Loss of gloss after dry mount press

Discussion in 'B&W: Film, Paper, Chemistry' started by bwrules, May 9, 2011.

  1. bwrules

    bwrules Member

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    There is a substantial loss of gloss after putting FB paper through the dry mount press (does mat board have anything to do with this?). Is there any way to prevent it?

    Thank you.
     
  2. michael_r

    michael_r Subscriber

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    Do you mean you experience a loss of gloss when dry-mounting? Or are you talking about drying your wet prints in the press?
     
  3. bwrules

    bwrules Member

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    When using dry mount press to flatten FB prints after drying, not drying in dry mount press. Thanks.
     
  4. michael_r

    michael_r Subscriber

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    I guess it might depend on the paper, or if the press temperature is way too high, but I've never personally had that happen to me and I use archival mat board in the press so that can't be the problem. One thing you might want to try is steaming your prints after flattening. This can increase the surface sheen, although usually not dramatically. It is generally used to compensate for sheen differences between batches of paper, and it also helps blend spotting dye.

    What is the temperature of the press? How long do you leave them in there?
     
  5. bwrules

    bwrules Member

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    Temperature is set to 200, and 30 seconds. Thanks.
     
  6. Ian Grant

    Ian Grant Subscriber

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    It's just moisture affecting the surface, give the mounted print a really quick steam over a boiling kettle. Better still in futire dry the mount board well then the print in the press before dry mounting that's the professional way of mounting.

    Ian
     
  7. bwrules

    bwrules Member

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    Sorry if this is confusing, but I should point out that I am flattening prints, not dry mounting using a dry mount press. Thanks.
     
  8. Ian Grant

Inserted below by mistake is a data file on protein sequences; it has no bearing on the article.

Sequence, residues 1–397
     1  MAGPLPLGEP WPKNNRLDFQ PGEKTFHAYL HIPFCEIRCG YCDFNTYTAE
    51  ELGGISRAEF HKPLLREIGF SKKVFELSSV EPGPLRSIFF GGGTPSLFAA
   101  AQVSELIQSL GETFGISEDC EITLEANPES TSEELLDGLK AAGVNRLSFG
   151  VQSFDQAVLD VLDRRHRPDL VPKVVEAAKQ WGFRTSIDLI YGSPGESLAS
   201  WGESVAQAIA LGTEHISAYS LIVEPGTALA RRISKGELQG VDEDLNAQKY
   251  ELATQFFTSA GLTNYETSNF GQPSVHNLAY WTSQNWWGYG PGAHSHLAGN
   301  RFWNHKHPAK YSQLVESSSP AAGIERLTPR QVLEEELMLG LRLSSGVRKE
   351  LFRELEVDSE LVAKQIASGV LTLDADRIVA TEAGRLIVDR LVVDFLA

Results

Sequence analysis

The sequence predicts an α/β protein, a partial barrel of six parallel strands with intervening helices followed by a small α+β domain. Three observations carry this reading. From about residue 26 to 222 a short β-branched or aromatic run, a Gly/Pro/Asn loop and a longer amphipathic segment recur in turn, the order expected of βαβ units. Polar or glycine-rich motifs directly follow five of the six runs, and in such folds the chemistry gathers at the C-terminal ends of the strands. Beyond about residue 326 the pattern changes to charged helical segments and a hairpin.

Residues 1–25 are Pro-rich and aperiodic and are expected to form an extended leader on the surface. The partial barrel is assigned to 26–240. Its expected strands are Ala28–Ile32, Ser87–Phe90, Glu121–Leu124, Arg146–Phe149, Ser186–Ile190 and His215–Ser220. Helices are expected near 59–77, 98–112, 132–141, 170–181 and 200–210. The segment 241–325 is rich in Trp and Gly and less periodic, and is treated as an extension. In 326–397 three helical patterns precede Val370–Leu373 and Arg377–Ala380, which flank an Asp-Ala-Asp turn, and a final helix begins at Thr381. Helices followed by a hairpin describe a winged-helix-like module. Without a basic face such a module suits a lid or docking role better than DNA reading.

Ian Grant Subscriber

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    OK, you need to flatten with a quick press to dry the print, may be 2 cycles between previously dried card before the longer flattening press,

    If the print still looses gloss just give quick steam, it'll be better than before the first press :smile:

    I've done this for 25 to 30 years with some prints, John Sexton's written about it in more recent years but it's a well known trick the steam remelts the surface gelatin supercoat reviving and usually giving a better gloss.

    Ian
     
  9. bwrules

    bwrules Member

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    Thanks Ian. I'll try it.
     
  10. Robert Hall

    Robert Hall Subscriber

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    What are you putting your prints to protect them while in the press? matte board? You should be using release paper or board. It's silicone impregnated paper that keeps it from sticking and keeps it clean.
     
  11. bwrules

    bwrules Member

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    Just two pieces of matte board.
     
  12. Robert Hall

    Robert Hall Subscriber

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    If you heat up the gelatin it will start to take on the texture of the surface you are pressing it against.

    Look for some release paper. It's not going to completely solve your problem, but it will help.

    How are you drying your prints? Face down on a fiberglass or plastic window screen works well to keep them from curling as well as squeegeeing the prints out of the rinse.

    Humidity in the air will have an effect on the curl as well.

    Take a look at this... http://www.freestylephoto.biz/928-Seal-Bienfang-Release-Paper-26-in.-x-5-yds.?sc=24100
     
  13. bwrules

    bwrules Member

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    Drying on a Premier dryer. It doesn't dry flat enough. I don't have window screens.
     
  14. patrickjames

    patrickjames Member

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    Anyone have any suggestions for a steamer? Would a clothes steamer do the job? Suggestions?

    I would like to get more gloss, but I really don't want to ferrotype. Too time consuming.
     
  15. bwrules

    bwrules Member

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    Won't steaming curl the print again though?
     
  16. jeroldharter

    jeroldharter Member

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    Mat board
    Release Paper
    Print
    Mat Board
     
  17. Tom Nutter

    Tom Nutter Member

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    here's a suggestion to try, but you might want to experiment first of course: You can wax your prints to get a sheen back on them (after flattening them) and also protect them somewhat.....I have used turtlewax, but there is probably something more appropriate.
     
  18. MattKing

    MattKing Subscriber

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    I use a kitchen kettle.

    Be careful, the steam is hot!
     
  19. bwrules

    bwrules Member

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    I took a second look at the prints, and it's the old prints that exhibit this problem, so may be it's more due to handling and not flattening.

    If I am going to be steaming prints, I guess if there will be too much condensate, the print will have to be dried and flattened again?
     
  20. michael_r

    michael_r Subscriber

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    It's a light steaming. Only a small amount of moisture. John Sexton even does it with prints that are already mounted.